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Congress runs out a messy clock

Some fights of the 110th Congress have lost their oomph in the waning months before the November elections, with both parties content to run out the clock on various disputes with the White House.
Congress is avoiding compromise on controversial subjects and several of President Bush's, center, policies including tax cuts, immigration reform, Social Security and No Child Left Behind.Ron Edmonds / AP
/ Source: The Associated Press

Some fights of the 110th Congress have lost their oomph in the waning months before the November elections, with both parties content to run out the clock on messy matters like the war in Iraq, spending bills and various disputes with the White House.

Democrats dropped any pretense of trying to address some of the stickiest issues when their Senate leader, Harry Reid of Nevada, told reporters Thursday that Congress will punt until next year its biggest job, setting most of the government's spending priorities.

What's good enough for 2008 will suffice until a new president and a new Congress take office next year.

"I would hope that before we would leave here this year that we would do a continuing resolution that would get us (through) until after Senator Obama becomes president," Reid said.

Optimistic or realistic, his comments offer a glimpse of the delicate choice of items to be served up by party leaders coordinating Congress' schedule with the presidential campaigns of Democrat Barack Obama and Republican John McCain.

Reid: No point in calling lame-duck Congress
Thursday alone provided several examples of how Bush and Democratic congressional leaders are playing the clock as it ticks toward the election.

There would be no point, Reid suggested, in calling a lame-duck Congress back into session after Election Day to hash out the remaining spending bills only to send the finished products to a lame-duck president who is not shy of exercising his veto power.

Republicans, predictably, voice outrage, but they're the minority and have little power to set the agenda. They've still got access to microphones, however, as they showed Thursday, turning virtually every debate in the House to offshore oil drilling, a once-dead idea that has caught on with some voters paying $4-plus for gasoline.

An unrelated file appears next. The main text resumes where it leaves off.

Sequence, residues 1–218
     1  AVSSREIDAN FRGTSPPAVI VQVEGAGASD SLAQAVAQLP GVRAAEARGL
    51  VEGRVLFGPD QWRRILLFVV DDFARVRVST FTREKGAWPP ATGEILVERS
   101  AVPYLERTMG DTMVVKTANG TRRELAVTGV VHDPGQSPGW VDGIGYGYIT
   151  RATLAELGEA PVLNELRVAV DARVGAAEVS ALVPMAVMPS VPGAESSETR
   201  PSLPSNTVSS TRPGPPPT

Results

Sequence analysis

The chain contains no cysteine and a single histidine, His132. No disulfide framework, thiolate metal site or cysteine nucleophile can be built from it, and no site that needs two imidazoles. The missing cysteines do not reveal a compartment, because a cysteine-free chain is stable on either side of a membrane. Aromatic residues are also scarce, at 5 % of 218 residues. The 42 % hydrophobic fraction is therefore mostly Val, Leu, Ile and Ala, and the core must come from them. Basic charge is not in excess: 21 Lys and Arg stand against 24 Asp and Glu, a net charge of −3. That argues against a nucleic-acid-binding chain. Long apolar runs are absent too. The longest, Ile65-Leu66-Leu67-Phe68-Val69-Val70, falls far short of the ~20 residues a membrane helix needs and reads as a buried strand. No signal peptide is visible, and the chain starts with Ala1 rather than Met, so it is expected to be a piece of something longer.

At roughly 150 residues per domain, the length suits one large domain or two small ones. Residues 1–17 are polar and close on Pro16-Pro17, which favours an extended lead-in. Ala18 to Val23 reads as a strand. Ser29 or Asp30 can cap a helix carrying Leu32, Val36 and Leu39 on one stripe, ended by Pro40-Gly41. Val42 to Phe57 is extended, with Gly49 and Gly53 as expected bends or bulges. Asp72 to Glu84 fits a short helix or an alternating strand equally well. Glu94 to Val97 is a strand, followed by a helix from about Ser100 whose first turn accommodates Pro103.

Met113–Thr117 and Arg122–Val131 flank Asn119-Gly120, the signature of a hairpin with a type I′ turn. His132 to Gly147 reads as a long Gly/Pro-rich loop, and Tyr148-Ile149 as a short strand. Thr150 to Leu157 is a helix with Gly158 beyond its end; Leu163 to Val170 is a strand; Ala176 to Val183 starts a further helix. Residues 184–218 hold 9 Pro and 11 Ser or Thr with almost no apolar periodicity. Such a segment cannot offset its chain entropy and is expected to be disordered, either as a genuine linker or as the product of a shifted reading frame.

Members of Congress have a list of accomplishments to counter charges of ineffectiveness.

They sent most families economy-stimulating tax rebates of $600 to $1,200, boosted college aid to veterans, expanded farm subsidies, increased food stamps and put some restrictions on Bush's eavesdropping program in pursuit of terrorists.

A couple of pocketbook issues are still alive: how to rescue hundreds of thousands of homeowners from foreclosure and doing something — anything — that might assuage voters angry about gasoline prices.

Deals also are close on banning lead in toys and a $50 billion program to combat AIDS and other diseases overseas.

In a broad sense, Republicans and Democrats are striving to avoid further damaging their standing with voters at a time when only 23 percent of the public approves of how Congress is doing its job.

It may be in neither party's interest, for example, to compromise on controversial judicial nominations. Also dead for the time being: Bush's tax cuts, immigration reform, fixing Social Security and revamping Bush's No Child Left Behind school program.

Reid's comments were but one example on Thursday that the parties were engaged in non-engagement on some issues.

In the House, Rep. Linda Sanchez, D-Calif., gaveled open the latest oversight hearing with an empty chair behind the witness table where Bush's one-time political guru, Karl Rove, was to sit if he had complied with his subpoena.

Rove had been summoned by the panel to discuss what critics say is politicization of the Justice Department, a topic that riled the legal, law enforcement and political worlds last year until the resignation of Attorney General Alberto Gonzales.

But unlike earlier non-appearances by Bush aides, there were no rants of outrage from Democrats nor equally muscular defenses of the White House by Republicans. In fact, not a single voice was raised.

It took only a few minutes for those present to reject, 7-1, Bush's executive privilege claim on behalf of Rove. The lone "no" vote came from an early lame duck: ranking Republican Chris Cannon of Utah, who lost his bid for a seventh term in a primary last month.

Oh, and Rep. Dennis Kucinich introduced his latest article of impeachment against Bush. It might have incited a rallying cry in a less-consequential year, but Democratic leaders barely commented.

House Speaker Nancy Pelosi had long ago warned that impeachment articles against Bush were doomed and Kucinich's past 35 impeachment articles were dispatched to the Judiciary Committee for an unattended burial.

A reporter asked Pelosi whether this exercise with Kucinich had become a nuisance. She didn't answer directly.

"There will be some review of it in the committee," Pelosi said. "So that is the status of that."